It Shouldn't Take a Mass Shooting To Rethink Gun Policy

It Shouldn't Take a Mass Shooting To Rethink Gun Policy

"The true American issue is not the shootings, but how the country responds."
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Mass shootings have been occurring in the United States for over a century. Whether it was at a concert in Winfield, Kansas in 1903, or a festival in Las Vegas in 2017, the message stays the same and the outcome certainly never changes.

While mass shootings are a worldwide issue, they are far more frequent in the United States. However, the true American issue is not the shootings, but how the country responds. How can an entire nation come to one consensus over a topic so broad and so volatile? How can one "united nation in mourning" be so divided in such dangerous times?

In the wake of the deadliest mass shooting in American history, it's important to realize that mass shootings are a terribly distorted way to spark the gun control debate. Our naturally sensationalist media tends to focus entirely on terrorism, police violence, and of course, mass shootings. While these three sources tend to dominate over 90% of the news, they only make up less than 3% of gun-related deaths in the United States each year. We tend to ignore a strong majority of the ~33,000 gun-related deaths in the United States simply because they don't make the news. Two-thirds of annual gun-related deaths in the United States are suicides, mainly by men aged 45 and older. Approximately another one third, or 12,000 deaths are caused by homicides. More than half of these homicide victims are young men, two thirds of whom are black. Another ~1,700 women are killed each year due to gun violence, mainly at the hands of domestic disputes. Approximately 400 Americans die annually to mass shootings, and while these shootings have been on the rise, homicides are on the way down. Annual suicides, however, are up tremendously.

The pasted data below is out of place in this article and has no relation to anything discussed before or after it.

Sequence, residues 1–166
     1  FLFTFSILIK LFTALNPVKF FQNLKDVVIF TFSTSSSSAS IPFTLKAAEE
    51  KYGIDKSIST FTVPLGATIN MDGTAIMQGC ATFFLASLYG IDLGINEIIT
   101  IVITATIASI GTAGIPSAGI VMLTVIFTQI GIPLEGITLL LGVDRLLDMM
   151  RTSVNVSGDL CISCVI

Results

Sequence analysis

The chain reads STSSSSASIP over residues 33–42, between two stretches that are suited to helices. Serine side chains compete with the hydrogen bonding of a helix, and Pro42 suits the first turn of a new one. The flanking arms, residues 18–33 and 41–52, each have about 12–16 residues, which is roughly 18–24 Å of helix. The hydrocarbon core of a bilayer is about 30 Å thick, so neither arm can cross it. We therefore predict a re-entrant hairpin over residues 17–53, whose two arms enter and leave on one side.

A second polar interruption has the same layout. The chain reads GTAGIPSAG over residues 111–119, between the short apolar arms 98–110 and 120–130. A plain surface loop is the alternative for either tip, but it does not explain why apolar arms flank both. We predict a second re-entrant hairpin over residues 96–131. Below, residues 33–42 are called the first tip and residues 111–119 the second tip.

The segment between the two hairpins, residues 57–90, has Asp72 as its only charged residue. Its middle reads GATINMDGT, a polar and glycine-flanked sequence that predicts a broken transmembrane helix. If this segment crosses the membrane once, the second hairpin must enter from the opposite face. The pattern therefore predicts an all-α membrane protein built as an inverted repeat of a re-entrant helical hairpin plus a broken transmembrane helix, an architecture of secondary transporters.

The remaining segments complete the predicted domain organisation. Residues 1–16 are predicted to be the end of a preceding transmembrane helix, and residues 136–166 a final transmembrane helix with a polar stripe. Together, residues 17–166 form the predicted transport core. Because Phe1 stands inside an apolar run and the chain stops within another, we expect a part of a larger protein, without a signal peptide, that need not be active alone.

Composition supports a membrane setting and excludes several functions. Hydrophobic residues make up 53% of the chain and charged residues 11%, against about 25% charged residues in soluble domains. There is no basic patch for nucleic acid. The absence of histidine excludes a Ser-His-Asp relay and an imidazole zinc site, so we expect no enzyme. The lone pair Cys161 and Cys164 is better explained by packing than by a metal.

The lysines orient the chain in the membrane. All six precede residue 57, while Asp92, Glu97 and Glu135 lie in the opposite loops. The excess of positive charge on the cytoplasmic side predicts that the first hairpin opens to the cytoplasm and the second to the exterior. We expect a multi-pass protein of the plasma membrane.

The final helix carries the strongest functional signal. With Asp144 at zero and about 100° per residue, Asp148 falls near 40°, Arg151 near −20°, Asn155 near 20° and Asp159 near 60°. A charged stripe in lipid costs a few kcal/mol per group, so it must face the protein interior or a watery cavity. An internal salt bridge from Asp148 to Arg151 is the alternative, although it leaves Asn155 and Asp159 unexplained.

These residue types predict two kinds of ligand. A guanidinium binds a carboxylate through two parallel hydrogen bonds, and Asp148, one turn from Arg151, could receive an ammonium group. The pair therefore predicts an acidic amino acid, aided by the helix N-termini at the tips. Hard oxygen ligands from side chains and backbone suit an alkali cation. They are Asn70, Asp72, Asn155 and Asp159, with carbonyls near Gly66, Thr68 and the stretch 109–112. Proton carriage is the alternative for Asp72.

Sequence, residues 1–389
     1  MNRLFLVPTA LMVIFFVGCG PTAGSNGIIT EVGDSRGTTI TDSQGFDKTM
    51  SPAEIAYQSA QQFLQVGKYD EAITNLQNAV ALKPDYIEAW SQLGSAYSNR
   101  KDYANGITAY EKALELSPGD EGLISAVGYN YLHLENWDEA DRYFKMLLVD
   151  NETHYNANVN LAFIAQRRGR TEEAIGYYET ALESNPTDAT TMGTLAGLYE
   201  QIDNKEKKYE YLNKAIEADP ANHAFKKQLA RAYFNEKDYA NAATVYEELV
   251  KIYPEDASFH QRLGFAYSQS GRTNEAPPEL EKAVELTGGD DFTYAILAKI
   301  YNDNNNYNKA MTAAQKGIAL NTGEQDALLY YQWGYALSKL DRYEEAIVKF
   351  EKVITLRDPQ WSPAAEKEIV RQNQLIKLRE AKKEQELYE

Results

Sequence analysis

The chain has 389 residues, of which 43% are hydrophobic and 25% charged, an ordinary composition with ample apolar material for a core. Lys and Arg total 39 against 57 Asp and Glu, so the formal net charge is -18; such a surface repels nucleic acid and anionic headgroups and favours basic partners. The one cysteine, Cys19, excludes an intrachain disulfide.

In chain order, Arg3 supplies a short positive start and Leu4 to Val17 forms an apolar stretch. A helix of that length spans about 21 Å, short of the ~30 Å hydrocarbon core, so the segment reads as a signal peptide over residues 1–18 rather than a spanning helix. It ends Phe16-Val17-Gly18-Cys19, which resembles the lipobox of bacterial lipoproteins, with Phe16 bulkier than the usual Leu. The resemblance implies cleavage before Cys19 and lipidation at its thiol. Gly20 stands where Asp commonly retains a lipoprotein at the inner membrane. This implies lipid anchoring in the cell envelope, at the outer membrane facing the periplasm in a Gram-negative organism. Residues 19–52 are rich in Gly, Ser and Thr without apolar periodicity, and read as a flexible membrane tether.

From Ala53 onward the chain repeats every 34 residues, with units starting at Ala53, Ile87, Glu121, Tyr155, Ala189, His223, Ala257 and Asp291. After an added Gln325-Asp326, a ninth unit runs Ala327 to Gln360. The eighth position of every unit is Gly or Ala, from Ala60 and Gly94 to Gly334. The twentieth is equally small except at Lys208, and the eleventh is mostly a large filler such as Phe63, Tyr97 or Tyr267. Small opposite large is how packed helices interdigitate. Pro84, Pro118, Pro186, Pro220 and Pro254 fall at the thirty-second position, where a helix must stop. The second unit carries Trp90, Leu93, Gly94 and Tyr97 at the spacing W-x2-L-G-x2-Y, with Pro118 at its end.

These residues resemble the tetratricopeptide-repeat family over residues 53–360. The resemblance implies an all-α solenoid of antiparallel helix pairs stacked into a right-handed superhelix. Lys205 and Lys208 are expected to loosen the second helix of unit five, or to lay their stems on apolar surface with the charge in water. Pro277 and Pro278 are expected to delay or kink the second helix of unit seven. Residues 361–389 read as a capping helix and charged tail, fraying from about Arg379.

Throughout these ~33,000 gun-related deaths each year, one common factor persists -- the gun. However, the roots of each problem are incredibly different, meaning the solutions must be as well.